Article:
6. Campbell, John Y. & Cocco, Joao F., 2007. "How do house prices affect consumption? Evidence from micro data," Journal of Monetary Economics, Elsevier, vol. 54(3), pages 591-621, April.
  7. David Genesove & Christopher Mayer, 2001. "Loss Aversion and Seller Behavior: Evidence from the Housing Market," The Quarterly Journal of Economics, Oxford University Press, vol. 116(4), pages 1233-1260.
  8. Amos Tversky & Daniel Kahneman, 1991. "Loss Aversion in Riskless Choice: A Reference-Dependent Model," The Quarterly Journal of Economics, Oxford University Press, vol. 106(4), pages 1039-1061.
  9. Case, Karl E. & Quigley, John M. & Shiller, Robert J., 2013. "Wealth Effects Revisited 1975-2012," Critical Finance Review, now publishers, vol. 2(1), pages 101-128, July.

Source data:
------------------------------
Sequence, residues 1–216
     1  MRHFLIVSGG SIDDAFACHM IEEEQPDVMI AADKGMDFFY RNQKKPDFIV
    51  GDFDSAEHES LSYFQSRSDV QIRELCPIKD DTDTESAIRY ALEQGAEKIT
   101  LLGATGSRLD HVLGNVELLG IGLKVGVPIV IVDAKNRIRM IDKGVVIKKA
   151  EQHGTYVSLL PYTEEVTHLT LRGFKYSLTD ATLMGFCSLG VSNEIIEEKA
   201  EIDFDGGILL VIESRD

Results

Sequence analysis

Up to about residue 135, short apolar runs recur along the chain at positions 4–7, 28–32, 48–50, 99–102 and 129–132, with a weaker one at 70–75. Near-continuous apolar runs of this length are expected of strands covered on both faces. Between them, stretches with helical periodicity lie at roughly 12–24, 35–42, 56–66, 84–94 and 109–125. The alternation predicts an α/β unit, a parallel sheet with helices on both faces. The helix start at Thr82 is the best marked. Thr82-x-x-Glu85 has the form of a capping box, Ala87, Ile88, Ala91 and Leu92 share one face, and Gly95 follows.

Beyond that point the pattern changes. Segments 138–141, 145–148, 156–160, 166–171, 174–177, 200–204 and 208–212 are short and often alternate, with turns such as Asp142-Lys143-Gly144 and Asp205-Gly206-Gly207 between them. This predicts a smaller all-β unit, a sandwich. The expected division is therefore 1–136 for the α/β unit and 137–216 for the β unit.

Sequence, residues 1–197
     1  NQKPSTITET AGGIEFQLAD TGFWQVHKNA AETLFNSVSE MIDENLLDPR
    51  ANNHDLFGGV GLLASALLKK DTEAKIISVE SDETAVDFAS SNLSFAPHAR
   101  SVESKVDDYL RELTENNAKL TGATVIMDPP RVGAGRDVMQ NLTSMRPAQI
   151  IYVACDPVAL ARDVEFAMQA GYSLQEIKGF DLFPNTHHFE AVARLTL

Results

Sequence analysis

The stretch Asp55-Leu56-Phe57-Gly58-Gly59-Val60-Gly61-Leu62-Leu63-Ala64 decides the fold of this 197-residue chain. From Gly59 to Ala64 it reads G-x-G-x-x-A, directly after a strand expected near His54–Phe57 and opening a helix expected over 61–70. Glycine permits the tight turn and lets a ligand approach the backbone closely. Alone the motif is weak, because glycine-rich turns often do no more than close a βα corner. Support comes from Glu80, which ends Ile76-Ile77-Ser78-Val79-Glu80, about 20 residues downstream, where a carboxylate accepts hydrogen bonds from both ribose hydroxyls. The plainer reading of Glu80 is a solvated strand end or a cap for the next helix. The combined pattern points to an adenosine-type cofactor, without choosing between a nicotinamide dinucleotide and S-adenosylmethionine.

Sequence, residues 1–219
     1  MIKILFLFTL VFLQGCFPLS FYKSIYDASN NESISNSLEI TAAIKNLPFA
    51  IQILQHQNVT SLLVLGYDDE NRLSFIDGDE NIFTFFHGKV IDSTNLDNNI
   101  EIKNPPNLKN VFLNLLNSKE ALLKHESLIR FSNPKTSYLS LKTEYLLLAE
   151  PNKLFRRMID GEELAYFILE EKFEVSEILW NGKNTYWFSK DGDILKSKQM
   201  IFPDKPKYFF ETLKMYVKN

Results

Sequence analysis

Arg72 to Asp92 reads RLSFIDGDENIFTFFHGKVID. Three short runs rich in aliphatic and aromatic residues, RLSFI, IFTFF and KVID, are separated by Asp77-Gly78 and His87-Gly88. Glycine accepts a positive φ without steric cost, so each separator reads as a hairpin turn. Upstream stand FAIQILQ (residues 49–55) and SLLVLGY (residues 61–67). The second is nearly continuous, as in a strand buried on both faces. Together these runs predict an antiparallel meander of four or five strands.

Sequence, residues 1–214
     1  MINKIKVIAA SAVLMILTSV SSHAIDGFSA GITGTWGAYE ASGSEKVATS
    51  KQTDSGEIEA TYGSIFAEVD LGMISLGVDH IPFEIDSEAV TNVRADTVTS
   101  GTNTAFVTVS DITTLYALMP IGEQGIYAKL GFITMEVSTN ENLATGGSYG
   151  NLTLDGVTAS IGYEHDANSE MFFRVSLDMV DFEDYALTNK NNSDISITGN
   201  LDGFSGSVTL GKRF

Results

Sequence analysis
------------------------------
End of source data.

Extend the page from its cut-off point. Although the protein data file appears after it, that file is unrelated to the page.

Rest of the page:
10. Bowman, David & Minehart, Deborah & Rabin, Matthew, 1999. "Loss aversion in a consumption-savings model," Journal of Economic Behavior & Organization, Elsevier, vol. 38(2), pages 155-178, February.
  11. Monica Paiella, 2009. "The Stock Market, Housing And Consumer Spending: A Survey Of The Evidence On Wealth Effects," Journal of Economic Surveys, Wiley Blackwell, vol. 23(5), pages 947-973, December.
  12. Richard Disney & John Gathergood & Andrew Henley, 2010. "House Price Shocks, Negative Equity, and Household Consumption in the United Kingdom," Journal of the European Economic Association, MIT Press, vol. 8(6), pages 1179-1207, December.
  13. Seko, Miki & Sumita, Kazuto, 2007. "Effects of government policies on residential mobility in Japan: Income tax deduction system and the Rental Act," Journal of Housing Economics, Elsevier, vol. 16(2), pages 167-188, June.
  14. Kahneman, Daniel & Tversky, Amos, 1979. "Prospect Theory: An Analysis of Decision under Risk," Econometrica, Econometric Society, vol. 47(2), pages 263-291, March.